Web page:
Not all that long ago, hardy pioneers at a few university presses first drove their covered wagons into the wild frontier of the blogosphere. It’s hard to remember how adventurous it all once seemed, how new and risky. The challenge today, rather, would be to find a university press (any sort of press, really) that doesn’t have a blog. Every press responding to my questionnaire had one. I asked how they were generating content, and what they did to promote it. The easiest thing in the world, after all, is to establish a blog, while tending it and finding readers is another story.
Michael Roux, publicity manager for University of Illinois Press, says that three to five items a week go up on the press’s blog, including “author opinion pieces, author Q&As, book announcements, and links to recent reviews, radio/TV interviews, and publishing news.” That list covers the range of content sources identified by the other presses that responded. It is a considerable improvement on the situation a few years ago, when many blog posts were hard to distinguish from catalog listings. Jodi Narde, e-marketing and social media specialist at NYU Press, says the press’s blog “very rarely [has] any marketing-type material” in its posts.
It’s a good policy, and one that others have developed on their own. “We’re doing our best not to be too formulaic about what we post and how we post it,” says Kate O’Brien-Nicholson, marketing director for Fordham University Press. “Obviously, book launches, events, anniversaries, positive press, etc. etc. etc., can be and are shared on the blog but we also try to make connections and provide context that we believe a reader might find interesting.”
Brendan Coyne, exhibits and awards manager at Johns Hopkins University Press, describes a publishing schedule approximating that of a regular periodical. “We carry posts written by our authors every Wednesday,” he says, in addition to two monthly features: The Doctor Is In, which consists of “posts by the doctors who write our consumer health titles,” and Wild Thing, “a look at the natural world around us” by Hopkins authors. A department called Over the Transom “gives brief overviews of different parts of the publishing process,” while Tales from the Assistant's Desk offers “commentary from the perspective of an acquisitions assistant.”
Meredith Howard, publicist for Columbia University Press, says that the blog runs multiple posts per day, including “the occasional shout out to our fellow UPs.”
It’s clear that being a powerhouse in this venue involves posting in both quantity and quality – as well as learning to incorporate platforms as they become available. Laura Sell, publicist at Duke University Press, mentions taking advantage of the graphics-friendly capabilities of a Tumblr blog, “where we feature short excerpts from our books and journals and display interior art from our titles to a visually-oriented audience.”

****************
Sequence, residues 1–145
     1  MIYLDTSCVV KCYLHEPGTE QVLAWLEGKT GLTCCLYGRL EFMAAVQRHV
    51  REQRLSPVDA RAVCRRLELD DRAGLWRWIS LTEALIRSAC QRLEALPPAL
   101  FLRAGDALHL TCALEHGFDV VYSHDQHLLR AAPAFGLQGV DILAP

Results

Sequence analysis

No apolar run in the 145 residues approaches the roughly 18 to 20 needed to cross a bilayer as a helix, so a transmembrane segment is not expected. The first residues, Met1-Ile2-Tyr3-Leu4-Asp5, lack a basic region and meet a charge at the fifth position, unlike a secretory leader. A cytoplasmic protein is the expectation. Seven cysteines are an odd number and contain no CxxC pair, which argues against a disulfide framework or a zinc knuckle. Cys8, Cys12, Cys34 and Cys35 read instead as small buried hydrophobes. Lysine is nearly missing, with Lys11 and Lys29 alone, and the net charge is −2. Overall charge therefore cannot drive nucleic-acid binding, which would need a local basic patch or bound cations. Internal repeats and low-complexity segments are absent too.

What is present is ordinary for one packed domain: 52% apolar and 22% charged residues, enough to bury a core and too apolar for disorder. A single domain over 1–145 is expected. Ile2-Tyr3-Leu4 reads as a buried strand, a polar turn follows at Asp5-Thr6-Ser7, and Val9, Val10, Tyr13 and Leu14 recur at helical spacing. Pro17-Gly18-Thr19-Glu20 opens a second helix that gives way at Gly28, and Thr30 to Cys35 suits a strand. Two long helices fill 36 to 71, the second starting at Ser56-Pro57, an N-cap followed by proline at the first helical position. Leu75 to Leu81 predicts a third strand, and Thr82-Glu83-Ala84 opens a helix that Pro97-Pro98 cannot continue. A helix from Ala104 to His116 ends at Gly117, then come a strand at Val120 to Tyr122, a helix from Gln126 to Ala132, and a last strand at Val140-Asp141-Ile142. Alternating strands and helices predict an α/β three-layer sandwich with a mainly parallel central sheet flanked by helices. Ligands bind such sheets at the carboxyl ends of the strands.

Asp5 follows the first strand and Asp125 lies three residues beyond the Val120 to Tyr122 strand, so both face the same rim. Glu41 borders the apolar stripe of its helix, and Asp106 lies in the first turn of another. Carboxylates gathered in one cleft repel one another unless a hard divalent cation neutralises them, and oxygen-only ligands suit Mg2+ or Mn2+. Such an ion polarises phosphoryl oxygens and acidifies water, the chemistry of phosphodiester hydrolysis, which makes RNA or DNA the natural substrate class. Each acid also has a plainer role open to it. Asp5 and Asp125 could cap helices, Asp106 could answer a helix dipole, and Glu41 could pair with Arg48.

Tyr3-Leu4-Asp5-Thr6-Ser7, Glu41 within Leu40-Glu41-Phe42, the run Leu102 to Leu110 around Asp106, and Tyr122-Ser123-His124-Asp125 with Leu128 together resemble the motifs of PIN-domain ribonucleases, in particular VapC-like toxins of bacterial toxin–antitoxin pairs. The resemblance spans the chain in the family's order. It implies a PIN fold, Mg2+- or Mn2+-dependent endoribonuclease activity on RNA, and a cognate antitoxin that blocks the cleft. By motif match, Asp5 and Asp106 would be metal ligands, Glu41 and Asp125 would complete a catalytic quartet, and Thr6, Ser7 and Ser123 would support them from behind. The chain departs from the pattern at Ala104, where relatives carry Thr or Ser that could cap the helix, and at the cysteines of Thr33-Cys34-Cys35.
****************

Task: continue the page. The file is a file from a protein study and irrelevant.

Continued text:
Carrie Olivia Adams, publicity manager for University of Chicago Press, runs through an overwhelming array of the tools now in use to make Chicago titles more visible, including an individual Facebook page “for each of our trade titles,” used “mainly for announcing author events and linking to review clips.” The box on the right-hand side of The Chicago Blog is a switchboard for making contact with some of the press's content-churning efforts, though not all of them.
She admits that it is difficult to assess the results of all the multifront experimentation. Even so, “we definitely think the online conversation is one worth being a part of, and it engages us with many savvy readers.”
And engaging savvy readers is, of course, what it’s all about.
Thanks to everyone who responded to my inquiries, and sorry not to have incorporated all of the interesting replies. See you at Book Expo.
In recent years, scholars worldwide have found themselves under increasing pressure to publish more, especially in English-language "internationally circulated" journals that are included in globally respected indexes such as the ISI Citations. As a result, journals in these networks have been inundated by submissions and many of them accept as few as 10 percent of papers, and in some cases fewer. Given that too few journals or other channels exist to accommodate all the articles written, there has been a proliferation of new publishers offering new journals in every imaginable field (see, for example, the Directory of Open Access Journals). While some inventive scholars and publishers have responded to scholarly demands and new research trends, clever people have understood that new technology has created confusion as well as opportunities and that money can be made in the knowledge communication business.